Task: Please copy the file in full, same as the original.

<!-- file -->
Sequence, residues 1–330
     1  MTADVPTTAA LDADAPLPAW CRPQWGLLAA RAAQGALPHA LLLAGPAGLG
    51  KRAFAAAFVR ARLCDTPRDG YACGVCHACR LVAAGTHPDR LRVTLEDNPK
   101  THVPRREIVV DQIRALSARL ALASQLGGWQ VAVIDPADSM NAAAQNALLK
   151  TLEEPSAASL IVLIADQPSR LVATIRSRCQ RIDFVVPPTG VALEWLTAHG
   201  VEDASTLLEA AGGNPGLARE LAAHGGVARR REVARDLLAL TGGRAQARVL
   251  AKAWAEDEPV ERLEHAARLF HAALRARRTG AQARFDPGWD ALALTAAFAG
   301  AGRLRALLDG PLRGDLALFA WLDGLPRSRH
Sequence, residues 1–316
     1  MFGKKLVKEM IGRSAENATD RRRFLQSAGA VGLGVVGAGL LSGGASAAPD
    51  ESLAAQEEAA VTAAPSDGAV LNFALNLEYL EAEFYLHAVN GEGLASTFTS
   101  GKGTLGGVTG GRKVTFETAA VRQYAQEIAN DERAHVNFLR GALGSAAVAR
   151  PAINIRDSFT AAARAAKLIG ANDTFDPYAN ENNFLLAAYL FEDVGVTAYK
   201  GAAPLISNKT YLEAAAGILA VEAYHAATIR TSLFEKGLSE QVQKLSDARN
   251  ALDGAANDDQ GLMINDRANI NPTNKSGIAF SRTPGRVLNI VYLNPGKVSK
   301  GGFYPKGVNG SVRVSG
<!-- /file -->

Sequence, residues 1–330
     1  MTADVPTTAA LDADAPLPAW CRPQWGLLAA RAAQGALPHA LLLAGPAGLG
    51  KRAFAAAFVR ARLCDTPRDG YACGVCHACR LVAAGTHPDR LRVTLEDNPK
   101  THVPRREIVV DQIRALSARL ALASQLGGWQ VAVIDPADSM NAAAQNALLK
   151  TLEEPSAASL IVLIADQPSR LVATIRSRCQ RIDFVVPPTG VALEWLTAHG
   201  VEDASTLLEA AGGNPGLARE LAAHGGVARR REVARDLLAL TGGRAQARVL
   251  AKAWAEDEPV ERLEHAARLF HAALRARRTG AQARFDPGWD ALALTAAFAG
   301  AGRLRALLDG PLRGDLALFA WLDGLPRSRH
Sequence, residues 1–316
     1  MFGKKLVKEM IGRSAENATD RRRFLQSAGA VGLGVVGAGL LSGGASAAPD
    51  ESLAAQEEAA VTAAPSDGAV LNFALNLEYL EAEFYLHAVN GEGLASTFTS
   101  GKGTLGGVTG GRKVTFETAA VRQYAQEIAN DERAHVNFLR GALGSAAVAR
   151  PAINIRDSFT AAARAAKLIG ANDTFDPYAN ENNFLLAAYL FEDVGVTAYK
   201  GAAPLISNKT YLEAAAGILA VEAYHAATIR TSLFEKGLSE QVQKLSDARN
   251  ALDGAANDDQ GLMINDRANI NPTNKSGIAF SRTPGRVLNI VYLNPGKVSK
   301  GGFYPKGVNG SVRVSG